• The game is primarily focused in playing agents of the eponymous organization. However, the Handler's Guide offers advice and tips on how to play a campaign as The Fate (New York-based occultist criminals active from the 1920s unto the early 2000s) and MAJESTIC-12.
    • In part 1 of the campaign Iconoclasts, players are required to play as ISIS foreign fighters.
  • World of Synnibarr. Player Characters can be Bio Syntha Cyborgs (B.S.C.'s) but are forbidden to be Omni B.S.C.'s because Omnis are created only to do evil.
  • In The One Ring, player characters who act evil too often will succumb to bouts of madness and eventually become NPCs.
  • In TSR's Star Frontiers game, Player Characters are forbidden to be Sathar, the murderous and vicious alien race that is a threat to all civilized races of the Frontier. A Sathar can only be a Non-Player Character.
  • New World of Darkness: Downplayed. Characters can get away with some pretty heinous acts; however, anyone who falls to the bottom of the Karma Meter (which usually requires something like soul theft, mass murder, or "heinous acts of torture") becomes unplayably insane. A Mage's soul shatters; a Vampire's or Sin-Eater's Enemy Within takes over their body; a Werewolf permanently loses control over its Spirit half, and so on.
  • Old World of Darkness
    • Zig-zagged. Like its successor, you have to do some monstrous things to hit the bottom of the Karma Meter, and generally speaking in a vanilla game, that will cause your end. Almost all the game lines had a "worse" version of whatever the PC's were that served as antagonists, befitting Black-and-Gray Morality. However, there was almost always a later book where you could play the evil guys - only for eviller evil guys to show up.
    • In the 20th Anniversary edition of Mage: The Ascension, Nephandi (mages who have corrupted their avatars and now work towards Descension) are not allowed as Player Characters. The Book of the Fallen discusses the reasoning for this in detail; while realizing that there's nothing they can do to stop players from running such a campaign if they really want to, the authors strongly discourage it because the Nephandi are meant to be genuinely disturbing perpetrators of real world horrors of the worst sort, not Laughably Evil cartoon villains in black robes. As such, players running Nephandi Player Characters would be either missing the point or acting out some really disturbing scenarios that many people would find too disturbing to enjoy.
  • It may seem to be the case in Exalted, as the game's system downright forces you to have a moderately high level of on of the defined Virtues, and mechanically encourages you to have a couple of them... They are not at all a straight-jacket to being a nice person. Conviction and Valor at max rating create an unstoppable Blood Knight that will never back from any challenge or any fight, and will double down on any decision they have made - a very common choice for murderhobo player types. Even Compassion can be twisted into an earnest goal to Mercy Kill the entire world if you're playing a loyalist Abyssal. Or even if not playing an evil-leaning splatbook, the types of exalted aren't restrictive and the books happily provide some absolutely evil characters from every category.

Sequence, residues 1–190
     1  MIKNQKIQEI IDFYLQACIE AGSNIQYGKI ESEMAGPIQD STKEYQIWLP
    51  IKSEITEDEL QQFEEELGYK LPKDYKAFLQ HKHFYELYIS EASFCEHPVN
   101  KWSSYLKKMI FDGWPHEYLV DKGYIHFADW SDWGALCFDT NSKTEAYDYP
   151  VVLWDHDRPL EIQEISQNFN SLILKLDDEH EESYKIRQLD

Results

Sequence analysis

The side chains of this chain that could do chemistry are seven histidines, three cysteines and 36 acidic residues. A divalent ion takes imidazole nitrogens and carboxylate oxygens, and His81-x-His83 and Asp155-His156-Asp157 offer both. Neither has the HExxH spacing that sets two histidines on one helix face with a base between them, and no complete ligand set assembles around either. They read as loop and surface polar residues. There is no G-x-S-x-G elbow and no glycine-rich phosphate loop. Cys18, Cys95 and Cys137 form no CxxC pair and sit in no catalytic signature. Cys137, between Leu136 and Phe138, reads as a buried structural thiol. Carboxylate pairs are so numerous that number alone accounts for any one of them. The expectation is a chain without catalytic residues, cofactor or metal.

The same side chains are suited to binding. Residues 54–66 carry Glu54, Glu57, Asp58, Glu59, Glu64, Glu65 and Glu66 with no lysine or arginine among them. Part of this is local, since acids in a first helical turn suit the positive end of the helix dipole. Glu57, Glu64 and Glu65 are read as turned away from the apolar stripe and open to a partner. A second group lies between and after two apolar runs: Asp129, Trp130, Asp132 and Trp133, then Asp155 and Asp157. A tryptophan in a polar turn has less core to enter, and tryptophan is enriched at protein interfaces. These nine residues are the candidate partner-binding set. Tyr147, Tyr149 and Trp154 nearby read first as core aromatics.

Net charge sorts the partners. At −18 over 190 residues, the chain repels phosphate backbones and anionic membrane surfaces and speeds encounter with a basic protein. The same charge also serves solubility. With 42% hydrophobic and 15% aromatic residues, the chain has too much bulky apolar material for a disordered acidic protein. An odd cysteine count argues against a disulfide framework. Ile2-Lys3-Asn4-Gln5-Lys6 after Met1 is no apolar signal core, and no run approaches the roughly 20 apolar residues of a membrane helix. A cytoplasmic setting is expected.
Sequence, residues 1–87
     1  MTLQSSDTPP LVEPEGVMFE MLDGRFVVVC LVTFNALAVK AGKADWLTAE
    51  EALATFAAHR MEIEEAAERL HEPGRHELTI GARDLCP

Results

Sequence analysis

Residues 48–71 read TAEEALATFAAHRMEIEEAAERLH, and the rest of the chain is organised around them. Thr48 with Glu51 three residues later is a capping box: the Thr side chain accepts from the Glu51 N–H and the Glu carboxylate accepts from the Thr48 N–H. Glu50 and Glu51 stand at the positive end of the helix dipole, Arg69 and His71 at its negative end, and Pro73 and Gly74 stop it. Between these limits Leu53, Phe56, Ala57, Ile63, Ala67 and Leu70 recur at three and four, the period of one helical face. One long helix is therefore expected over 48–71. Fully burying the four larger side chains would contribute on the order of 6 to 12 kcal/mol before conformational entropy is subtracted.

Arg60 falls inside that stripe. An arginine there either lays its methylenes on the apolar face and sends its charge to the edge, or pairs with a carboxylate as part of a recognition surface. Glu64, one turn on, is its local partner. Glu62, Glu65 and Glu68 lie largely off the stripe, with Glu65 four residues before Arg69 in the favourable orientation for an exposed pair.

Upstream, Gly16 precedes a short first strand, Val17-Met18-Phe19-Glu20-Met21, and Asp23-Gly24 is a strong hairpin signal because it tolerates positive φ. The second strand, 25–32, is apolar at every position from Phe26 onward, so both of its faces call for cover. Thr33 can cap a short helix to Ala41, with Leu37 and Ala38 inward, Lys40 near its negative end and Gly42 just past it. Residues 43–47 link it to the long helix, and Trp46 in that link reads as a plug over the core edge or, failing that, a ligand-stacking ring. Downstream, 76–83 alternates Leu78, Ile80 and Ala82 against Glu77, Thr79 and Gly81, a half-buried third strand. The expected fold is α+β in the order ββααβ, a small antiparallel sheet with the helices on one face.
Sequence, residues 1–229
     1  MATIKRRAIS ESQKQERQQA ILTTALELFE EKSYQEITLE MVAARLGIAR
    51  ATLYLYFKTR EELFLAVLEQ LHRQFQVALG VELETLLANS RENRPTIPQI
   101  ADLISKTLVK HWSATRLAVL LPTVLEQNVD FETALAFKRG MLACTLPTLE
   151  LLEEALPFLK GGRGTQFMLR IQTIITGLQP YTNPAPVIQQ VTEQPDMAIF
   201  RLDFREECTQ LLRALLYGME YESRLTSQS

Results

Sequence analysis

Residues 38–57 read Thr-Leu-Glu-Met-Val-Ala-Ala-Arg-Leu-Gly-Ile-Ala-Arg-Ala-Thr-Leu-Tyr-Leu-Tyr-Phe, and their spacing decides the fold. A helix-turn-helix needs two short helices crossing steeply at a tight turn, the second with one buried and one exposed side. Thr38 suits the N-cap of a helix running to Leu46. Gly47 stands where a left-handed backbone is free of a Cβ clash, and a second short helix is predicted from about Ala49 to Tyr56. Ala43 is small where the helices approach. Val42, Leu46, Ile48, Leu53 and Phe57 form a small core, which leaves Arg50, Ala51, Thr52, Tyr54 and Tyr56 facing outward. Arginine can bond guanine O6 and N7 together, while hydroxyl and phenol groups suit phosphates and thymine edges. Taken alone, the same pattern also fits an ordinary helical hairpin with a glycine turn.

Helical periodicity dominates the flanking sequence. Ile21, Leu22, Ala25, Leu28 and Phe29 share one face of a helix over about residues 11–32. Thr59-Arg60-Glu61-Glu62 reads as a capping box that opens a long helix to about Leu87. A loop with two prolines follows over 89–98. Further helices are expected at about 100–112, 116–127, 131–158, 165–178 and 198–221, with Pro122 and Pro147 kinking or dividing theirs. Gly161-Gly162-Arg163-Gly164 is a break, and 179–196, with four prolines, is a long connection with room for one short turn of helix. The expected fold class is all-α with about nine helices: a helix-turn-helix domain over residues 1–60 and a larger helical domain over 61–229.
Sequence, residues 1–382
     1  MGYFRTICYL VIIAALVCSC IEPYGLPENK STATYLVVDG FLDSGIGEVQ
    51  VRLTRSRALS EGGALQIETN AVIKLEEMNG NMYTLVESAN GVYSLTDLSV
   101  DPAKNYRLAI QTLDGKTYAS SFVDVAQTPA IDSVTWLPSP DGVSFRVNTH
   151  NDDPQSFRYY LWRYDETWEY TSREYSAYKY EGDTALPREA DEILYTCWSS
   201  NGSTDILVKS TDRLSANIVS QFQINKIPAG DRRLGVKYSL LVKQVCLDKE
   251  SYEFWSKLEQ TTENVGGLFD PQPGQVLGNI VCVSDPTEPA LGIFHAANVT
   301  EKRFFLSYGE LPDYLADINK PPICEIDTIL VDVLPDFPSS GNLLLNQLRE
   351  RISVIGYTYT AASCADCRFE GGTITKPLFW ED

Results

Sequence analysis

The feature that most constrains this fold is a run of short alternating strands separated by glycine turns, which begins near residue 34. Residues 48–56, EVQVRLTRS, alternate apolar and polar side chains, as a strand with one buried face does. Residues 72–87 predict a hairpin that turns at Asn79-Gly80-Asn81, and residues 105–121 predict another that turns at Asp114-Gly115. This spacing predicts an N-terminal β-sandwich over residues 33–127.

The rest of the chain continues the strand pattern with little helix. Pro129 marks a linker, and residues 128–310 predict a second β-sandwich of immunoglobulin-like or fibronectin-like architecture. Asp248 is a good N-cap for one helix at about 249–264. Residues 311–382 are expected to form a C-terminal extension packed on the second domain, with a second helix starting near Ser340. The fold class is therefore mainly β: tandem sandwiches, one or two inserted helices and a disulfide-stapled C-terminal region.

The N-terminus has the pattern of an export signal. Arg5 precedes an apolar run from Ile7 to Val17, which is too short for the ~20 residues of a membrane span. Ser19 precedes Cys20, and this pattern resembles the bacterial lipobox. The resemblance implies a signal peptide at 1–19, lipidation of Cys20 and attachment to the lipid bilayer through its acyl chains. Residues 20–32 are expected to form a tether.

• Shadis magazine #12, article "Just a Matter of Time Part 2: The Retriever Campaign". In the time travel campaign discussed in the article, the Player Characters are agents fighting against terrorists who are trying to change the past to promote their malicious ideologies. The terrorists include the Delta Brigade (neo-Nazis), TaskMasters (white supremacists) and Peace Mongers (want to start a nuclear war in the 20th century). Players in the campaign are not allowed to play members of these terrorist groups because of their evil natures and goals.
  • Star Wars d20: Player characters fall to the Dark Side and become NPCs when they accumulate too many Dark Side Points by committing misdeeds or using The Dark Side of the Force.
  • Rolemaster supplement Character Law. A character with the Sadist mental flaw enjoys causing physical and/or mental pain to others and is compelled to do so whenever possible. The flaw is described as being evil, and therefore not suitable for a good or heroic character. The Gamemaster is specifically authorized to forbid players from choosing this flaw for their characters.
  • Ars Magica supplement Tales of the Dark Ages, adventure "The Ghoul of St. Lazare". A magic item in the adventure is a potion which, if poured over an area, will give the area an Infernal aura associated with the demons of Hell. The adventure specifically withholds the information of how to create and use the potion because Player Characters should not want to carry out such a heinous, malignant crime.
  • The First Edition of Star Wars d6 originally had all PCs be members of the Rebel Alliance from the start with no information or support given for a GM to run campaigns focusing on independents, let alone Imperials. This gradually shifted with the publication of new sourcebooks and a change of tone in the rulebook itself of and by the final edition of the game a Rebellion focused campaign was merely the default among many options.
  • Godlike supplement Will to Power, which covered the Nazi side of World War II in the game. It said that players couldn't play Nazi characters and if they did, they should "get some help".
  • DC Heroes RPG. It is literally impossible to play a criminal or super criminal under the rules as written. The rules specifically assume that the Player Character will be some kind of superhero.